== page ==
The Tempest, Norwich
CHARLES ROBERTS Richard Briers has declared that his role as Prospero in this new production of The Tempest will be his last assay into the great Shakespearean characters.
Richard Briers has declared that his role as Prospero in this new production of The Tempest will be his last assay into the great Shakespearean characters.
If he means it, it could not be a better time to go: out on a splendid high, in a performance which vividly illustrates how this much-loved individual has grown as an actor. Even better, he makes his bow in a production so fresh, so revealing, so full of truth and belief, that one might be seeing the play for the very first time.
It is a foible that the set is very modernistic, and the costumes a mirror to Italy in the 1930s rather than medieval Milan/Naples – all Il Duce pomp and gold rope, side by side with storm trooper uniforms with a touch of Nazi chill. But it works easily, as we witness lines and situations that leap out to us with such immediate clarity of vision and sensitivity.
The triumph of director Patrick Mason and his company is not merely the crisp definition of each and every character, be the part ever so minor; but also the widened analysis of these dramatis personae, which illustrates more vividly than I have ever experienced before just what a flawed and contemptible gathering we have here. King and duke, drunken butler and shallow servant, all come from the same mould. Even Prospero is stripped of his Olympian mien, as touched with bile and vengefulness as the rest of us.
This is where Richard Briers comes into his own, a Prospero who from the start is inwardly a steamer with the lid on, simmering dangerously and ripe for explosion. He talks to his daughter in their first scene with such control that all seems smooth – until his Spirit figure Ariel steps out of line. The grandfatherly Master disappears. Through three simple words a cold, regal, intimidating autocrat speaks. "How now, moody?" It makes the hackles rise. Now we know who we're dealing with, and from now until final curtain the image is repeatedly driven home.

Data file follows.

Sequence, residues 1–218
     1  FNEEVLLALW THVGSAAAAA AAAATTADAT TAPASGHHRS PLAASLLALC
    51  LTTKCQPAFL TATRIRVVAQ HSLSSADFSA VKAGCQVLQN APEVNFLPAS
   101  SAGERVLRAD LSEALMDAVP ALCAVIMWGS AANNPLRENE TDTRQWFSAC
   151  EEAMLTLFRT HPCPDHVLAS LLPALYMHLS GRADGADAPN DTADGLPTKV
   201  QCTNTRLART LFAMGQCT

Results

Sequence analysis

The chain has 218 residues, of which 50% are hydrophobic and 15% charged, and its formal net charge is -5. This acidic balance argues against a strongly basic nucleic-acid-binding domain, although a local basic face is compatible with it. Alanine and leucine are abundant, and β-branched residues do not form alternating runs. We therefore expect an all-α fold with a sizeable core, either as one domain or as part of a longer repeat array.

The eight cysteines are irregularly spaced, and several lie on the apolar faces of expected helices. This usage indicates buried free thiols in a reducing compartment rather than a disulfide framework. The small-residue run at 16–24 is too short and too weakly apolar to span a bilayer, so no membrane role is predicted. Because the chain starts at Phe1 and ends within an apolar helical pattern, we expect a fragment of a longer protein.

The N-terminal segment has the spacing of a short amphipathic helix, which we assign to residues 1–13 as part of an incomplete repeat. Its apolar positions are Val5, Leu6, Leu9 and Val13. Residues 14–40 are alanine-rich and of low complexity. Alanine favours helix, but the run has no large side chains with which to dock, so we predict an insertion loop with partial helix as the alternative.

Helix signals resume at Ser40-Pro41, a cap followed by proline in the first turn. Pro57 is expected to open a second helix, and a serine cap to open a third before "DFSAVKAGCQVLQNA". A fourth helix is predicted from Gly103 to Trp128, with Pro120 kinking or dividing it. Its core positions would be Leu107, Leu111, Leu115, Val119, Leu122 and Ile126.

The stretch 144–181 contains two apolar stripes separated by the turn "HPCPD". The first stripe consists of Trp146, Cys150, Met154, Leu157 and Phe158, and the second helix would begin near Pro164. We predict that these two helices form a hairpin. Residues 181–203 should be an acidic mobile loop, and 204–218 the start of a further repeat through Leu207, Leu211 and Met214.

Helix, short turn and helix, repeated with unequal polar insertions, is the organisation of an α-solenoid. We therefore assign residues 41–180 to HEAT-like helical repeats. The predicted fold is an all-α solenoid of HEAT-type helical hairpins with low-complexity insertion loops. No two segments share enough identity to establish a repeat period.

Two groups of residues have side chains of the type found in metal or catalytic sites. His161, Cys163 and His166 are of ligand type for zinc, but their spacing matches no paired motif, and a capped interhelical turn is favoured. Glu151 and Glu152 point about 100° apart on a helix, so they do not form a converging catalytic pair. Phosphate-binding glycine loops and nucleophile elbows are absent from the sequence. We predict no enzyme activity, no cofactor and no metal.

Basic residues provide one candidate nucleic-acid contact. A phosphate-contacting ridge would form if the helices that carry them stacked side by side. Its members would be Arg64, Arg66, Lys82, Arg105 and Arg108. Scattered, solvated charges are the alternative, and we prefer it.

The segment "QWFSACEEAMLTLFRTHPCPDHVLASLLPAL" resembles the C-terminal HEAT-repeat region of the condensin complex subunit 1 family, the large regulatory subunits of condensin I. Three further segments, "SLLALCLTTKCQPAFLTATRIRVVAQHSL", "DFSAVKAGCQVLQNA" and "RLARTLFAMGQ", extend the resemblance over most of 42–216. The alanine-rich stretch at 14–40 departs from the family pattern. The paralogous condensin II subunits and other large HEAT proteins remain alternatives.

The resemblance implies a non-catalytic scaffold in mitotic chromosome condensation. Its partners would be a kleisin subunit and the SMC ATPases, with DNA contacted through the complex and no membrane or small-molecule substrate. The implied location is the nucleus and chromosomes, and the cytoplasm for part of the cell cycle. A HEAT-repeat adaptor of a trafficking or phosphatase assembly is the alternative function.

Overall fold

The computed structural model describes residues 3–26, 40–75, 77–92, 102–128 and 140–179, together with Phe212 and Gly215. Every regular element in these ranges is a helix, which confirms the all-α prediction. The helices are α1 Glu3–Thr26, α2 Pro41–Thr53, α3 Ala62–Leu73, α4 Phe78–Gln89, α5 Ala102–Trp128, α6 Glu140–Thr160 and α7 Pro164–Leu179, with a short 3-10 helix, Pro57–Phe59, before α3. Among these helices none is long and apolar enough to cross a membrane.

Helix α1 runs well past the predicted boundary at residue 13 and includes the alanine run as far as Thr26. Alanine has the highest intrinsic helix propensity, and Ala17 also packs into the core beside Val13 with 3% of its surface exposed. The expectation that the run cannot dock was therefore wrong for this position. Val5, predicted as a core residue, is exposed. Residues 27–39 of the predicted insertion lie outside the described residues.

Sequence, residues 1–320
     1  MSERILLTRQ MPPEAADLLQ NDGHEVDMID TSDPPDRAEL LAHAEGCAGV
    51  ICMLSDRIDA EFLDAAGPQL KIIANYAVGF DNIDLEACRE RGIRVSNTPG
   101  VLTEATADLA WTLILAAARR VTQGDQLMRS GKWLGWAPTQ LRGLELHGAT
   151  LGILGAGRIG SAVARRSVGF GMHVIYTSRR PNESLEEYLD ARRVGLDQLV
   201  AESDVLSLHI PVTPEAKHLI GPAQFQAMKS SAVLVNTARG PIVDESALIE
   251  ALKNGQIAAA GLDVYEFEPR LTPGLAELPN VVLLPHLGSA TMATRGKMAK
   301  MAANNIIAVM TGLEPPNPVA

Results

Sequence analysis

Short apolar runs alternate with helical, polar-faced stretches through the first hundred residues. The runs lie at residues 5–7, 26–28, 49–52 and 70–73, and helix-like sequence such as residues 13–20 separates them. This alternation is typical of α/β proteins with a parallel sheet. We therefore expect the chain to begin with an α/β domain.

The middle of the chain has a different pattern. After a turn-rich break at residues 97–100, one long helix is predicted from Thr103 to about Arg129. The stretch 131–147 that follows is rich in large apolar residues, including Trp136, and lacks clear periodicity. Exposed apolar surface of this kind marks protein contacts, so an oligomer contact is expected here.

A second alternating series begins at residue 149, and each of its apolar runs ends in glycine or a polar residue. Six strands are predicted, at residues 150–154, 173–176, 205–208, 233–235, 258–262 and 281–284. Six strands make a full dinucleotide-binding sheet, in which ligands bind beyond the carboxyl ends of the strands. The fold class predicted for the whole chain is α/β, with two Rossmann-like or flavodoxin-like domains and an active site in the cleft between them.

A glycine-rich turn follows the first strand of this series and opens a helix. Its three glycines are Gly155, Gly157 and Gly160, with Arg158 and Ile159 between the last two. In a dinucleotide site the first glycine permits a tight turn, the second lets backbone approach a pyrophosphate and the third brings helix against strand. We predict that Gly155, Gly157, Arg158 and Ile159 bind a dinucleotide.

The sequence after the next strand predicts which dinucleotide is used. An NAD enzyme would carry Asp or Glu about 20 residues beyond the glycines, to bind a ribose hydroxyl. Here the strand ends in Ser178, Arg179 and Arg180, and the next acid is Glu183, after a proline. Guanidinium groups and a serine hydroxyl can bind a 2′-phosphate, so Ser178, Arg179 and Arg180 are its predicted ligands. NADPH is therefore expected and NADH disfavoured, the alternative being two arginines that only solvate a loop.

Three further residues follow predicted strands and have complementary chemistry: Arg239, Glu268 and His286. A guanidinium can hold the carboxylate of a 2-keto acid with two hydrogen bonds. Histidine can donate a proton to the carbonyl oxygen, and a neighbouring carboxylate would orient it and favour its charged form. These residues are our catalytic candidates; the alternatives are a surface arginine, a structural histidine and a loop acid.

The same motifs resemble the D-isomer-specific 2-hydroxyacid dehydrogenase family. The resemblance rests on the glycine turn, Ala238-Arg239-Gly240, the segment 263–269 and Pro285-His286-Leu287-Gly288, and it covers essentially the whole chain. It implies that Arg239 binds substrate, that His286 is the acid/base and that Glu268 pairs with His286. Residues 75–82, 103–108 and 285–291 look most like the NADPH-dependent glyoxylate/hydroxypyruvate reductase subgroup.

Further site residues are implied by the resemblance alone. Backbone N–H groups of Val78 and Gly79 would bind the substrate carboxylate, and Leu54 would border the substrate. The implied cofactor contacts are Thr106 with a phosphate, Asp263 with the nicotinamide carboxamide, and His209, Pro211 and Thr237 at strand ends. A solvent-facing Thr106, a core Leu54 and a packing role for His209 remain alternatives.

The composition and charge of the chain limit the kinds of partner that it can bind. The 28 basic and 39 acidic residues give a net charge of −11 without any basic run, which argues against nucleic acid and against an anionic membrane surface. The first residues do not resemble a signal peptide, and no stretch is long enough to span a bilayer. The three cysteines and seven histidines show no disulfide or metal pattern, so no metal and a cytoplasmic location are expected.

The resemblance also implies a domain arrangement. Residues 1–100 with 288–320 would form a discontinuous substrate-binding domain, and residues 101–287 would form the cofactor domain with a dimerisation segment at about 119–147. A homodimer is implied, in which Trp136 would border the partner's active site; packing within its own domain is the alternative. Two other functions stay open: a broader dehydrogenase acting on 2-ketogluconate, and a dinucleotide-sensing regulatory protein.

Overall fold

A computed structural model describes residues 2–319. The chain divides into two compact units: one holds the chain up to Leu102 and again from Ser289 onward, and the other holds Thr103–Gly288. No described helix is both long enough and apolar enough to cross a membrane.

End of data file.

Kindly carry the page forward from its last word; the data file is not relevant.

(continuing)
- 1 Mum describes heartache year on from daughter's tragic death
- 2 North Norfolk road closed with drivers asked to avoid area
- 3 Police on hand as anti-vaccine protesters gather in city
- 4 Body found in the sea at Great Yarmouth
- 5 Eight dogs up for adoption at a Norfolk rehoming centre
- 6 Investigations continue after woman on mobility scooter assaults man
- 7 The most beautiful places to live in Norfolk - according to estate agents
- 8 East Norfolk road closed with firefighters at the scene
- 9 Hope for WASPI women as MPs back compensation call
- 10 'I listen to science': City folk hit back at anti-vax protests
There are but two characters who rise above the spiritual penury of those around them: Prospero's daughter Miranda and Ariel. Madeleine Worrall is Miranda, a lovely picture of total innocence discovering the world, though her consistently high vocal registers could benefit from a little variety. Ben Silverstone's Ariel is a tantalising creation, from whom words come other-worldly and sibilant; whose chiselled face and exquisite hands are not of mortal flesh, and whose moment of compassion for coarse humanity is wonderfully touching. His descent from empyrean heights as a white angel with white dragon wings is a terrific theatrical coup.
t The Temptest continues atthe Theatre Royal until SaturdayNovember 23.Box office: 01603 630000.